Travel and photography seem like hobbies made for one another. They are both about exploration and having fun. However, doing two things at once is never a recipe for fun or success even when the two things are related. Yet, the multi-tasking aspect of travel photography is unavoidable. In this post, I explore how I focus my effort on traveling instead of photography. By doing so, I enjoy photography more and ultimately produce more interesting pictures in the end.

The One Thing

As Gary Keller said in his book, The One Thing, people always achieve the most when they focus on one most important thing at a time. For travel photography, what should be this one most important thing? Most people would argue that anyone can travel as long as they have the time and money. But not everyone can take good pictures and have fun because photography requires passion, expensive cameras and years of experience in addition to the time and money. Traveling seems easy while photography seems difficult.

From years of travel photography, I found that the opposite is true. Photography is easy but traveling is difficult. For the starter, traveling with cameras and lenses is exhausting depending on how big and expensive they are. Before traveling, I research what kind of photos I want to take. Taking photos that have already been taken before is boring, so I like to find less popular places that people don’t often go. This usually requires some exploring on the location. Carrying a heavy bag drains my energy very fast. The less I carry, the more I can explore new places.

In order to focus on traveling as the one thing and take new and interesting photos, I try to only bring the bare minimum with me.

Bare Minimum

Since I take photos purely just for fun, I do not need the perfections of full-size cameras. I can use a smartphone camera to get pictures that I am happy with. I am using LG G4. Despite the infamous boot loop problem, I am very happy with LG customer service. LG replaced my phone’s motherboard even after the warranty expired.

A Sunrise at Seabrook, Texas.
A Sunrise at Seabrook, Texas. Taken with LG G4 using a long exposure on a tripod.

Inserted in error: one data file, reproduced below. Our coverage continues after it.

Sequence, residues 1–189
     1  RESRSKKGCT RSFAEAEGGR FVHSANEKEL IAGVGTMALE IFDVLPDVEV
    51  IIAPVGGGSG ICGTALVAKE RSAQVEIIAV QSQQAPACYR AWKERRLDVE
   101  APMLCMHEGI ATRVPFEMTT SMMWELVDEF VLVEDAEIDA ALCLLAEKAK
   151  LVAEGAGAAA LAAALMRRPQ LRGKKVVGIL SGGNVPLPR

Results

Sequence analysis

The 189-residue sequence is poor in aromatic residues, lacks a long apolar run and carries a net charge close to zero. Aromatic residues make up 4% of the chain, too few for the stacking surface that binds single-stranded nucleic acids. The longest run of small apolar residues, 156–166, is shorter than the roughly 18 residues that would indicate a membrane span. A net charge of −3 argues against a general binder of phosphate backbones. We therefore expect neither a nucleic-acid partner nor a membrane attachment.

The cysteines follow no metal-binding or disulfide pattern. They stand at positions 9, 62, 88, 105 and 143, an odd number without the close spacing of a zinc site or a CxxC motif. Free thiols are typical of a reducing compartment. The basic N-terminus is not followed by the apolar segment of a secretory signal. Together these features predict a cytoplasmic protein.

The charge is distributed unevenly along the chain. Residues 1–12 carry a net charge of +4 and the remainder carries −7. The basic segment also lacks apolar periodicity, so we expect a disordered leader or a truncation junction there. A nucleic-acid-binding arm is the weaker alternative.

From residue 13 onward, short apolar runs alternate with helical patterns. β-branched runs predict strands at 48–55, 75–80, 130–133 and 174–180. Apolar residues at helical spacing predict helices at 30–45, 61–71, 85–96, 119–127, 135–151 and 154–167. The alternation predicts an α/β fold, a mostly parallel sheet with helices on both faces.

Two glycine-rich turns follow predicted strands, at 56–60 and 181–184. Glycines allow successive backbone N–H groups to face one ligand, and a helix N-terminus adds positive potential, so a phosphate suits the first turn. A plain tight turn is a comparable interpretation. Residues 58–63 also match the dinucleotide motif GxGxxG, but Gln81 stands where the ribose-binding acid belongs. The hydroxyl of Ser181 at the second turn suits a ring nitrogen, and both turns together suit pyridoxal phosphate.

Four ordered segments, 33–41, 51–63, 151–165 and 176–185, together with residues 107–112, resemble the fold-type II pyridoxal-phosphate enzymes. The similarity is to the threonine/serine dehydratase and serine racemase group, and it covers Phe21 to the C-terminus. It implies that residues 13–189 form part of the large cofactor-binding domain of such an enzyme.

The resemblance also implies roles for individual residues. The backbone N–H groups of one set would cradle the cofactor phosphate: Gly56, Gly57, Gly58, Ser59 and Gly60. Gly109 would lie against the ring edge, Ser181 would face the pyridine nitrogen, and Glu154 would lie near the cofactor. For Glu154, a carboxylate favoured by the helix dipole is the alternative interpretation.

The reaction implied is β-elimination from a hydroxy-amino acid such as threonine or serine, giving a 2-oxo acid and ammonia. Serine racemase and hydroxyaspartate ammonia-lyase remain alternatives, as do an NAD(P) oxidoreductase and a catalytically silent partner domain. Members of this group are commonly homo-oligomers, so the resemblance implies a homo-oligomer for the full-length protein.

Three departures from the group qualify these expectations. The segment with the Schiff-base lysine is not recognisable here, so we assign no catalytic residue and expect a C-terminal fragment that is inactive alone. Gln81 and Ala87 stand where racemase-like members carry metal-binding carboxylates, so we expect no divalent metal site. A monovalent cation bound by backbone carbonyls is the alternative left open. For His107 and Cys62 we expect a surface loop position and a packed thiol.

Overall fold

See more at Smartphone Photography at the Beach

Beyond the Minimum

However, the lack of physical controls and the slow response speed on smartphones makes photography less engaging. So in place of a smartphone, I use a compact camera like the superzoom Panasonic FZ300 that has a lens with very wide zoom range. It is a fun camera that can take all type of photos such as landscape, macro, wildlife and even nebula without ever require lens change.

Victory Monument, Bangkok
Victory Monument, Bangkok. Taken with Panasonic FZ150 using a cheap variable ND filter. This picture won the grand prize of Kenko Tokina International Filter Photo Contest 2012-2013
Shot with FZ300 with Raynox DCR-150 Macro Converter
A Spider’s Macro. Shot with Panasonic FZ300 with Raynox DCR-150 Macro Converter
Just a Dear
Just a Dear. Shot with Panasonic FZ300 at 600mm equivalent focal length on 35mm full frame format.
A closer look at Orion Nebula. Now we can see the clouds of gas more clearly. Panasonic FZ300 at 600mm (35mm format equivalent) f2.8 13 seconds, ISO 320 35 stacked frames mild light pollution
Orion Nebula. Taken with Panasonic FZ300 at 600mm (35mm format equivalent) f2.8
13 seconds, ISO 320, 35 stacked frames

As versatile the superzoom cameras are, the only weakness is their lack of color range (dynamic range) and poor low-light performance. So it’s only good for outdoor photos in daytime.

For more demanding scenarios, I use Olympus and Panasonic interchangeable lens compact cameras known as Micro Four Third (MFT) system cameras. For my use case, these cameras have enough dynamic range and low-light sensitivity. There are several specialized lenses for these cameras for all kind of photography. The MFT telephoto lenses are very compact and easy to carry.

I got closer for close up shots. It swam away, probably disappointed that his camouflage failed. The size of this one is a little bigger than an adult person.
Alligator in Ghillie Suit, Brazos Bend, Texas. Taken with Panasonic G5. As I hiked along the trail, I looked back and found this alligator. I didn’t expect it there at all. I happened to have a telephoto lens with me. Still, I got closer for close up shots. It swam away, probably disappointed that his camouflage failed. The size of this one is a little bigger than an adult person.
Glowing Alligator
Glowing Alligator, Clear Lake, Texas. Shot with Panasonic GX7. Alligators eyes are extremely sensitive to light like cats’ eyes. I used a flash to cause a reflection on one of the eyes. The reflection turned into a star because the lens is attached with a star filter.
Dinosaur Caves Park, Prismo Beach, California
Milky Way at Dinosaur Caves Park, Pismo Beach, California. The only thing I wish MFT cameras get better at is low-light performance. Currently, it is barely enough to take night sky pictures without having too much noise. This one is taken with Olympus E-M5 Mark II.

In addition to camera and lenses, I usually carry a tripod with me for long-exposure photos. By using cameras that are lightweight, the tripod can be lightweight as well. My preferred method of travel is on foot and public transportation. Carrying a small and light tripod makes another difference in the weight.